Here in the U.S., there has been an increase in human papillomavirus (HPV) being screened in cases of oral cancers, and a recent study conducted at Ohio State suggests that HPV is now the leading cause of cancers of the throat, mouth and neck.
Researchers analyzed 271 tissue samples collected over the last two decades and found a nearly triple-fold increase in HPV-related oral cancer cases in the United States alone. In 1988, data shows that eight out of 1 million people were diagnosed with HPV-related oral cancer. Now the researchers estimate it's 26 out of 1 million.
Previously, tobacco had been the primary cause of oral cancer, and most oral cancer cases were HPV-negative.
[Lead researcher Maura] Gillison's group found that HPV-negative cancers have been cut in half since the 1980s.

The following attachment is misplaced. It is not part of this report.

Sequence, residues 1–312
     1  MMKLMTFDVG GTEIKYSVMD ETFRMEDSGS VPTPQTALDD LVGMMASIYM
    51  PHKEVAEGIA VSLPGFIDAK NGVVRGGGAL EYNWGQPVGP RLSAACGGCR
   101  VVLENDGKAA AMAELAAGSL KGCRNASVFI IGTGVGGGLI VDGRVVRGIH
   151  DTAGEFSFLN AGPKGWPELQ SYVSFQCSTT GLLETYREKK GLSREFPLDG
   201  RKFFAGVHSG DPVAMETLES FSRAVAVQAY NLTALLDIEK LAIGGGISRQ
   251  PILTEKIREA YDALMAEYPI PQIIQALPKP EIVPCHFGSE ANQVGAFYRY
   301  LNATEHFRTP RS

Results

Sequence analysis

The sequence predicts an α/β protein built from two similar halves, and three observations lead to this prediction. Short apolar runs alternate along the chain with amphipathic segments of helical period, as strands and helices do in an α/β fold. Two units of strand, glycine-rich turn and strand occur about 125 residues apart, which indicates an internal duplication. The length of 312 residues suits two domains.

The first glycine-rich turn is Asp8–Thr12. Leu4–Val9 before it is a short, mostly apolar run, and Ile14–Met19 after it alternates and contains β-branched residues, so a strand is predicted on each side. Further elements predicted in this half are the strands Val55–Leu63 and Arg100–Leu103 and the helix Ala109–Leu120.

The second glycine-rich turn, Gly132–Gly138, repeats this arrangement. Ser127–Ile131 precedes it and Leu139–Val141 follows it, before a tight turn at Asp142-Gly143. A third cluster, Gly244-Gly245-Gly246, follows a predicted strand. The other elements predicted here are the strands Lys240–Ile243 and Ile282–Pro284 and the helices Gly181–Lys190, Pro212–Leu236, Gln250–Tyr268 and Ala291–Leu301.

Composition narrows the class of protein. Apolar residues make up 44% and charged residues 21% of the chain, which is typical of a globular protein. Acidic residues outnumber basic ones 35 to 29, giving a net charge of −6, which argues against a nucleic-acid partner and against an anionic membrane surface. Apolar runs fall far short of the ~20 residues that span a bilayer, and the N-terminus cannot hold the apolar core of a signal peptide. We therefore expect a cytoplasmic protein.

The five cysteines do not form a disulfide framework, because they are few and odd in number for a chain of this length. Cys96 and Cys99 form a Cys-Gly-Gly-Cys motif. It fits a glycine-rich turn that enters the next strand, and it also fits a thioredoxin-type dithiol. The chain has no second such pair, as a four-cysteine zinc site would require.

HPV-positive cases -- which had made up just 16 percent of oral cancer cases in the 1980s -- comprised more than 70 percent in the 2000s.
"This whole relationship between HPV-related head and neck cancer completely changes our ideas of who is at risk, how to treat the cancer, the prognostics of the cancer, and prevention," Gillison told Reuters Health.
The good news is that people diagnosed with the HPV-positive form of the cancer have a better prognosis, she said, and the cancer is more responsive to treatment.
There is also a potential opportunity for prevention using an HPV vaccine that is approved to prevent anal and cervical cancer, Gillison said.
The Centers for Disease Control and Prevention estimates that almost 20 million Americans are currently infected with HPV.